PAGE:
A judge upheld a 20-year prison sentence on Monday for a former South Carolina police officer convicted in the 2015 shooting death of unarmed Walter Scott.
Federal Judge Richard Gergel rejected former officer Michael Slager’s claim that his attorney, Andy Savage, had offered ineffective counsel while he was on trial for shooting Scott five times in the back after a traffic stop.
Slager, 39, filed an appeal of his 20-year prison sentence earlier this month and brought an appeal to vacate, set aside, or correct the sentence, claiming Savage never told him about a potential plea deal that could have taken years off of his sentence.
“My suggestion is that he was the architect of his own demise, no one else,” Gergel wrote in his April 19 ruling.
“At sentencing, Petitioner attempted to blame the victim. Now, he attempts to blame his defense counsel and the trial judge. But a careful review of this entire tragic episode makes plain that Petitioner has no one to blame for his present predicament and sentence but himself.”
Footage of the April 2015 shooting that took place after a foot chase caused national outrage and contradicted Slager’s account of events.
At a virtual evidentiary hearing held on April 12 and 13, Slager testified that he only agreed to plead guilty in 2017 to a federal civil rights violation charge after Savage told him that the judge on the case, David Norton, said in January 2017 that he didn’t believe it was a murder case. Slager said Savage told him he wouldn’t receive significant prison time after the judge had made the comment.
Savage took Norton’s “not a murder case” quip to mean that the judge would rule the civil rights violation a manslaughter case, for which the upper end of the federal sentencing guidelines was eight years in prison, nearly four years less than the prosecution was offering in the deal. The plea deal stipulated a prison term between 12½ to 15½ years.
Slager told the appeals judge he was not heavily involved in his defense after his state murder trial ended in a mistrial in December 2016 when the jury was left deadlocked at an 11 to 1 vote for his conviction.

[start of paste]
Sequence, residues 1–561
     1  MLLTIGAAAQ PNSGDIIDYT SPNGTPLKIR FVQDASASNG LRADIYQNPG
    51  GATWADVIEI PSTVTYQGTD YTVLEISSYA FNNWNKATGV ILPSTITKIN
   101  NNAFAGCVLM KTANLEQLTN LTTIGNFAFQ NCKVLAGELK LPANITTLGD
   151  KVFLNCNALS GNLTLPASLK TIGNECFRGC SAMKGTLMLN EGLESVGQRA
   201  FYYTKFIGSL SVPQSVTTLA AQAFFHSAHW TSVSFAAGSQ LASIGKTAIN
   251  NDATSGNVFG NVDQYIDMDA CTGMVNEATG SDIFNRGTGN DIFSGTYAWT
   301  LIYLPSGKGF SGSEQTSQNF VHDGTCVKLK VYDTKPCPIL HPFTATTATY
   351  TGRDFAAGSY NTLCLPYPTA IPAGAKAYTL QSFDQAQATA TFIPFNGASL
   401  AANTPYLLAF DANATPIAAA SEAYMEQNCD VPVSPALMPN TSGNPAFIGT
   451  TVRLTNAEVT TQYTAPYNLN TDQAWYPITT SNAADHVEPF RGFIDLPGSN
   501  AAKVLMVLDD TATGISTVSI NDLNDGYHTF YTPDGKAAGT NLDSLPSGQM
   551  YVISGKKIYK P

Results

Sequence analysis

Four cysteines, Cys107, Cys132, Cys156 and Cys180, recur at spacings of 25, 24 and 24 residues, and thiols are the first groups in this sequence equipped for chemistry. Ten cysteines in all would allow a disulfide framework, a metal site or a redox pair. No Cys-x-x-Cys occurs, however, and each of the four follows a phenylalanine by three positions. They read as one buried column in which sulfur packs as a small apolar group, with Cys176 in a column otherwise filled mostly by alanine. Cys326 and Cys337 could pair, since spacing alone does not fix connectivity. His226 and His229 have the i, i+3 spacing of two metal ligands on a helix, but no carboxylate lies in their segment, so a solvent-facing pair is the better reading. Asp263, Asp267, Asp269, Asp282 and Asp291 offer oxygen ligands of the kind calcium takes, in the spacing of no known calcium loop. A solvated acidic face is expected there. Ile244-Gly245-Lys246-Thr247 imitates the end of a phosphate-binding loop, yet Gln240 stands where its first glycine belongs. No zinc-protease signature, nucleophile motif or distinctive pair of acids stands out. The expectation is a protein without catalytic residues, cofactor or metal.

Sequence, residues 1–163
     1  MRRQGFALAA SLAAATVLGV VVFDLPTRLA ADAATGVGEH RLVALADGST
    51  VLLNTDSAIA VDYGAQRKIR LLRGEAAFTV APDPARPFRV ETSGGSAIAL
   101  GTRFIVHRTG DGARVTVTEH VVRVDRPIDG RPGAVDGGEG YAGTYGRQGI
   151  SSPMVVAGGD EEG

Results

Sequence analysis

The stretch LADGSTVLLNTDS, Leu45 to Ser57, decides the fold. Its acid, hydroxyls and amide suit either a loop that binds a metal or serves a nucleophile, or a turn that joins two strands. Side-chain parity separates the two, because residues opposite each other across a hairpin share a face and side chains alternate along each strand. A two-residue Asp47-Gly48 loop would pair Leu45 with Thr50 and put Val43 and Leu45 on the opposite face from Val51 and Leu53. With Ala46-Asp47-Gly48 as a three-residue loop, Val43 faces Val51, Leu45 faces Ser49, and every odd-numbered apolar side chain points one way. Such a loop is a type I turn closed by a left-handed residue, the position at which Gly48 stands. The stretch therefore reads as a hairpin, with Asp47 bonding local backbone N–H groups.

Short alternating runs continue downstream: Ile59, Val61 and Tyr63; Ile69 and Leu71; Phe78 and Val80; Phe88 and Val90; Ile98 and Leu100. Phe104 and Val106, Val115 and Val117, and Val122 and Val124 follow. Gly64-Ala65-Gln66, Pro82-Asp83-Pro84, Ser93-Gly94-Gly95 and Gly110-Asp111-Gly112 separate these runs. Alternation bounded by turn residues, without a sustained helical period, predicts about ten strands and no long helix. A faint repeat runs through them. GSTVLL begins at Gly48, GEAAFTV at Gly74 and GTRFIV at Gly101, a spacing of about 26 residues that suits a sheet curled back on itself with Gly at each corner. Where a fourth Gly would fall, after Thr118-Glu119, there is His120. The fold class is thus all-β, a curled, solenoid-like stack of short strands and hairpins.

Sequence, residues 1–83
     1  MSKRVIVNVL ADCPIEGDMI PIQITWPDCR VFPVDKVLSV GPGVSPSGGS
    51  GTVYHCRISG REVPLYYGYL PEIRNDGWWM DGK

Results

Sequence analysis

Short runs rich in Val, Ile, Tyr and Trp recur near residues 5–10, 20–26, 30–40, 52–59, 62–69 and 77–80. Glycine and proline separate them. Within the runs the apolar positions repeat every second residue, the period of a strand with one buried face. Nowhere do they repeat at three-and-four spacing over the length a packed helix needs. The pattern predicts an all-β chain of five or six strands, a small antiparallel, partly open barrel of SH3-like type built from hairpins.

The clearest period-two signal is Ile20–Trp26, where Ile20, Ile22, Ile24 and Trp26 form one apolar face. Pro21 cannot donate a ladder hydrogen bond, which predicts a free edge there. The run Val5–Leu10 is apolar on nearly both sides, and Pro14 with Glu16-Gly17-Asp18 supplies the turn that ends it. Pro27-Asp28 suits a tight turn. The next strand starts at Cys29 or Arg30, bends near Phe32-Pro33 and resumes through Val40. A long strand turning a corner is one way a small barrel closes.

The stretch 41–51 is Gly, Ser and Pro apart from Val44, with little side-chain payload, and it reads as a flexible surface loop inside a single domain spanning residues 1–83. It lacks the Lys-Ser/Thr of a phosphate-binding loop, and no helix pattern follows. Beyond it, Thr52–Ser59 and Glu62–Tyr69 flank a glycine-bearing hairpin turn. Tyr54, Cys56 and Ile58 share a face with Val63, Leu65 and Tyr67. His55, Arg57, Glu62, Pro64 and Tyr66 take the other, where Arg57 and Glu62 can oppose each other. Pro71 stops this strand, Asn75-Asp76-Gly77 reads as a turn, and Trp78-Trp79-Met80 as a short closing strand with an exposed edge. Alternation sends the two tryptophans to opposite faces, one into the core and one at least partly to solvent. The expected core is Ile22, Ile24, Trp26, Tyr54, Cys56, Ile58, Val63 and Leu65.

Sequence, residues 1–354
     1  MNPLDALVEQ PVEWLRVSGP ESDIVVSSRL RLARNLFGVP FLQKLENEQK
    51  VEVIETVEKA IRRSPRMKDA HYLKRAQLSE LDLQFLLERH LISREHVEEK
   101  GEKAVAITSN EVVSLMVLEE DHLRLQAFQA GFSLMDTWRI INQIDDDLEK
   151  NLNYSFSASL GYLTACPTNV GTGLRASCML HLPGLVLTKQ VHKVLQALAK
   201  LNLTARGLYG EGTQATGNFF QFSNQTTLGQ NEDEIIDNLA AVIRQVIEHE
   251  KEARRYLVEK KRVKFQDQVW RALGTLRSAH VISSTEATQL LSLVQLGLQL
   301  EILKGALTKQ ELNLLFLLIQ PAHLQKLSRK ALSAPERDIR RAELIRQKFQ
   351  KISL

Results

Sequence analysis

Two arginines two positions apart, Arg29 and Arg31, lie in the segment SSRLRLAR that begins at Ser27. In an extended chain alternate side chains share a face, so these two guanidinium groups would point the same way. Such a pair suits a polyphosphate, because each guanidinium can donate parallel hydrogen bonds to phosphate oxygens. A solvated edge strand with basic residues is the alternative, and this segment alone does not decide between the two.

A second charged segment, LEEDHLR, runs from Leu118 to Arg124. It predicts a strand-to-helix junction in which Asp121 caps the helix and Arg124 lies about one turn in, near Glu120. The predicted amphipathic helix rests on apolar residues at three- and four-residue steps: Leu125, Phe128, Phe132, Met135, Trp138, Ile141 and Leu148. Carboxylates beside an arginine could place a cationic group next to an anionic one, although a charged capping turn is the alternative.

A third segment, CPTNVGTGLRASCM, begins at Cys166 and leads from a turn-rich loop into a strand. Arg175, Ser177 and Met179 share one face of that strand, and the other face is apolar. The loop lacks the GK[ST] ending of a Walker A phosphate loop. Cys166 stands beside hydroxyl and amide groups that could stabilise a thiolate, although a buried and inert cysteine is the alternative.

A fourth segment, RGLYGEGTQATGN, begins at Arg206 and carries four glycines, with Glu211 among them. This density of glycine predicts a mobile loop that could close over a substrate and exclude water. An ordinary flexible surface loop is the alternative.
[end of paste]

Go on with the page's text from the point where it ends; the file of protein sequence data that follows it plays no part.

Slager first learned about the potential plea deal in August 2019 when Savage mentioned it after he and other members of the legal team came to visit him while the former officer was serving his sentence in Colorado.
But Gergel called the idea that Savage’s counsel was ineffective “ridiculous.”
The appeals judge added toward the end of last week’s testimony, “I’m not sure any defendant’s had a more vigorous and capable defense. … No matter how capable and creative the lawyer is, you can’t turn lemons into lemonade sometimes.”
“In the end, even a great lawyer could not overcome the video of Slager shooting nine times at a running man’s back and then lying about it,” Gergel added.
Because Norton found that Slager acted with malice, the door was opened to a murder finding, as opposed to manslaughter. Norton ultimately found that Slager was guilty of the equivalent of second-degree murder and sentenced him accordingly.
The day of the shooting, Slager pulled the 50-year-old Scott over for a broken taillight. Scott fled on foot before Slager deployed a Taser and two engaged in a struggle on the ground. Scott then got up and began running away from Slager, who fired nine shots, striking Scott five times in the back, and then walked over to his body and dropping the stun gun next to him. Scott was 15 feet away from the officer before he began firing.
Bystander cellphone footage captured the shooting but not what led to it. Before Slager learned there was a video of the encounter, he lied to investigators, saying Scott had stolen his Taser during the scuffle.
According to federal prison records, Slager will remain behind bars until 2033.